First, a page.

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Sharp rocks strained up to thetender arch of my foot and in between my toes where the skinwas still soft despite my constant lack of shoes. Brandon hadcome over for the day and he, my little sister, Sofi, and Iwere deep into a game of Brockian Ultra-Cricket, analternative to Kill-Whoever-Has-It, the game my mom hadforbidden. Brockian Ultra-Cricket had very few rules - mostlyit consisted of punching the other players and running away.My lungs were scorched from the raspy deep breathing from ourfrantic running and shouting. I called another time-out, andBrandon rolled his eyes as I went to stand in the large coolpuddle at the end of the driveway.
"I don't getit! Why don't you two just wear shoes?" he chided. I justshrugged.
"Why do you wear shoes? They getdirty," I challenged.
"Your feet are a lotdirtier than my shoes! And I don't have to call a time-outevery time I step on a rock!"
"You talk toomuch," I blushed, pleased at myboldness.
"Yeah, you talk too much!" Sofichimed in. She destroyed my remark, but was pleased to gang upon someone instead of being ganged up on.
"Andbesides, Mom can't make me take off my feet when I come in thehouse! And I don't have to tie my shoes when I want toleave!" I announced.
"I never tie myshoes!" he struck back.
"And I've scored apoint every time you've fallen down!"
My yard wasmostly weeds cut down to size that were dry and painful; eventhe tough pads of my heels were beginning to get sore. As Icoated my feet in the sticky mud, I tried to pull the sweatylocks of hair off my neck and forehead. We began towalk.
Brandon strolled down the middle of the road, butSofi and I carefully picked our way along the hard-packedrolling ridges and valleys of dust. The mud on our feetcollected dust and grit and dripped off in moist lumps. Thesun beat down unmercifully in greasy delight on the bone-dryclay roads and three skinny little kids. Two of them weresoftly browning, and their skin grew darker around the bordersof accumulated dirt and Band-Aids. The third grew slowly pinkand gently fried in the glossy sunlight. Sofi becameprogressively scarlet as we walked.
Declaring war onthe sun, Brandon and I appointed ourselves guardians of mylittle sister against the tyranny that sought to harm her.With much drama and no-nonsense tones, we covered Sofi's barearms and legs and face with the muck from the puddles at theend of the Dunsly's driveway. We then proceeded down the roadto the gigantic hollow log that lay in a cluster of trees. Thetwo of us hurried Sofi along as though it were only a matterof time before she boiled away into the blazing white ball inthe sky.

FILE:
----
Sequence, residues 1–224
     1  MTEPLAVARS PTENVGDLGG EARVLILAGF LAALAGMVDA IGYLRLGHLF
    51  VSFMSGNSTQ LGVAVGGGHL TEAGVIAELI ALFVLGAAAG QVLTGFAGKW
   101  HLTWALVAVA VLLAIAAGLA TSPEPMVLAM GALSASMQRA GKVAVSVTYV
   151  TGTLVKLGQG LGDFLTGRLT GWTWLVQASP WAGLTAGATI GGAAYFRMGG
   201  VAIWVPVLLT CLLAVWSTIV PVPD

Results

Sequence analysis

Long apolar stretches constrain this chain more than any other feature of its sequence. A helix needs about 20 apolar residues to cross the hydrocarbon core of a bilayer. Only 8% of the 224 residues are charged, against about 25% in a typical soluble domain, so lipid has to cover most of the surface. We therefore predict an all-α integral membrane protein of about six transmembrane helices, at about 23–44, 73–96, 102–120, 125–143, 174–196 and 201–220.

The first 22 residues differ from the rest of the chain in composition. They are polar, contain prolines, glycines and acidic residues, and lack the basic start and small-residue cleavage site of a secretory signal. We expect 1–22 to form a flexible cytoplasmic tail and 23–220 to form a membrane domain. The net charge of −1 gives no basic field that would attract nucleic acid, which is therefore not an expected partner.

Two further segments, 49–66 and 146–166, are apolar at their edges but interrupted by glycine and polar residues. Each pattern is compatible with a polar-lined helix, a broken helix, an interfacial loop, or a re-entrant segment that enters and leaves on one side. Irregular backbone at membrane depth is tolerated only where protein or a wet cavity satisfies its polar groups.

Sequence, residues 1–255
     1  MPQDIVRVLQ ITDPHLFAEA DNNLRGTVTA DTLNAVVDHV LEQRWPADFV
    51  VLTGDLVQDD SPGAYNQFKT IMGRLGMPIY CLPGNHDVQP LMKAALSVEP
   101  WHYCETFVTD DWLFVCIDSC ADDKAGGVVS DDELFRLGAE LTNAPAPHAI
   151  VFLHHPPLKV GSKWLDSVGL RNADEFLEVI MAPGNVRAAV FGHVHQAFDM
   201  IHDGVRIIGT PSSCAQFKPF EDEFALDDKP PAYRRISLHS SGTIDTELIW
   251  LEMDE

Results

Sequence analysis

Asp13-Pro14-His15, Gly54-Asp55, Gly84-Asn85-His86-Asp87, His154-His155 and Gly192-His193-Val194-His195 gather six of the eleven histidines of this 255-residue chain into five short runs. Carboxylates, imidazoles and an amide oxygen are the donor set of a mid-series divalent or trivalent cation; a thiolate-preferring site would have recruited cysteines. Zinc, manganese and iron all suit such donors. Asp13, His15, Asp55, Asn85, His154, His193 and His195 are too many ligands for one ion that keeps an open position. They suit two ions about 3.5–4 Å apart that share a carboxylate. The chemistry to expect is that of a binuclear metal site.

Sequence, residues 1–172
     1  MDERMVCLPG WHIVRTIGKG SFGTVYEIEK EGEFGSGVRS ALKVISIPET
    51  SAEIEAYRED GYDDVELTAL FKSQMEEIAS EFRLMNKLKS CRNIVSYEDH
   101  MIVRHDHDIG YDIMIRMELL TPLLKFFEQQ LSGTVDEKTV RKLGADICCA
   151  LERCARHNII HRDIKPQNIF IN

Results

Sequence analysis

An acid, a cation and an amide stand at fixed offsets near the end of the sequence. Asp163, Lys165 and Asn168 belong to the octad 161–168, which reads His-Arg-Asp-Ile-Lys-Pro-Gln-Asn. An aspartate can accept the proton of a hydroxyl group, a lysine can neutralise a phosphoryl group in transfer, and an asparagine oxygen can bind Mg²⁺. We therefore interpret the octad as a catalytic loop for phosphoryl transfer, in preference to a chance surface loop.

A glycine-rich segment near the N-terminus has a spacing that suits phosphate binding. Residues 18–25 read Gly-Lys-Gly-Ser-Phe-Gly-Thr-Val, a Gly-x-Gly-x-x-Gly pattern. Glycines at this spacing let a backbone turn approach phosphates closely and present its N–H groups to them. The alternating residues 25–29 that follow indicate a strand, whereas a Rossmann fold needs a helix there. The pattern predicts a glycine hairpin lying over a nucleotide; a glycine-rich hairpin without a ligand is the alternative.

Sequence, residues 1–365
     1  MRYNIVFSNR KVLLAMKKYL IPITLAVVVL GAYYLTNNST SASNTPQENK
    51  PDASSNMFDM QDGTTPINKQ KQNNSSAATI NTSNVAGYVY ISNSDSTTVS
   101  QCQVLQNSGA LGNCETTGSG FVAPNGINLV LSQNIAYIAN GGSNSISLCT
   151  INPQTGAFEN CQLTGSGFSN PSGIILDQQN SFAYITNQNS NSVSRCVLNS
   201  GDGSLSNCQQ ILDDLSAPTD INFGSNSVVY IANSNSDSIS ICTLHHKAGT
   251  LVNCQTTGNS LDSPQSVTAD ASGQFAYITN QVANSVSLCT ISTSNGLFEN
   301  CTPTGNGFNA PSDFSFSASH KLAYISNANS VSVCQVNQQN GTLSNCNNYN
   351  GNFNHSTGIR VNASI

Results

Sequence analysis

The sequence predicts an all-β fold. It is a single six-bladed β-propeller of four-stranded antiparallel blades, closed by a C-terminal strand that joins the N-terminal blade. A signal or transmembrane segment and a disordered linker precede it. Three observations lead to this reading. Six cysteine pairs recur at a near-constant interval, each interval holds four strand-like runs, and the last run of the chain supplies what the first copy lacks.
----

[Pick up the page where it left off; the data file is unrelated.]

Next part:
With Sofi safely in the log, Brandon and I setabout the task of disagreeing over what to do next. We finallysettled on making a sun-shade and walking home because it wasnearly lunch and we hadn't told Mom we were leaving. Thesun-shade was a rough frame of springy tree branches tiedtogether with Brandon's shoelaces and our hair-ties and drapedwith Bran-don's shirt. Brandon and I held it aloft over mydirty red dumpling of a sister as we walked proudly home. Thesun seemed hotter than ever, blazing in fury on theover-dramatic soldiers and their needlessly elaborateefforts.
We arrived home to a rather put-out mom, butwe stood before her glowing with pride and purpose: her twodaughters, both with loose, tangled hair mingled with bits ofmud and tiny pieces of sticks - one covered with mud andbright with pleasure that she had been so brave on thisadventure - and her tiny guest, shirtless and brown as theneighbor's cows. All three of us stood in over-glorifiedtriumph for a few fleeting moments. But the mo-ment broke asMom swept Sofi off to the bathtub, ordering us to hose off ourfeet.
The ice cold water stiffened my grimy feet. Wedidn't speak, fearing the punishments that awaited us whenSofi finished her bath. Even Brandon, with all hisindifference toward trouble and little (to no) respect forauthority, had enough sense to be worried when my mom wasangry. A light breeze blew the magic scent of the woods to us,and I shivered. We walked inside and I became absorbed withshaking the water and dust from my feet.
"Let'snot try that again today, shall we?" Brandon and I lookedup, startled. Mom stood next to the kitchen table. Sofi wassitting, swinging her feet and still, despite our bestefforts, red as a baked apple. She looked terribly pleasedwith herself. Brandon and I risked an uncertain glance at eachother.
"Sofi told me what you all did. You're notin trouble for the mud, but you are in trouble for leaving theyard without telling me. You three are going to have to spendthe rest of the day in the house."
"Yes,ma'am," I complied.
"Yes, ma'am,"Brandon followed suit. He wasn't used to saying"ma'am."
Mom walked over to the sink and wedashed dramatically into the bedroom. In the safety of mycluttered room we discussed our "close call" in low,earnest tones. And, in the manner of children, we confinedourselves, desperately trapped, until Brandon discovered howto pull the screen off the window.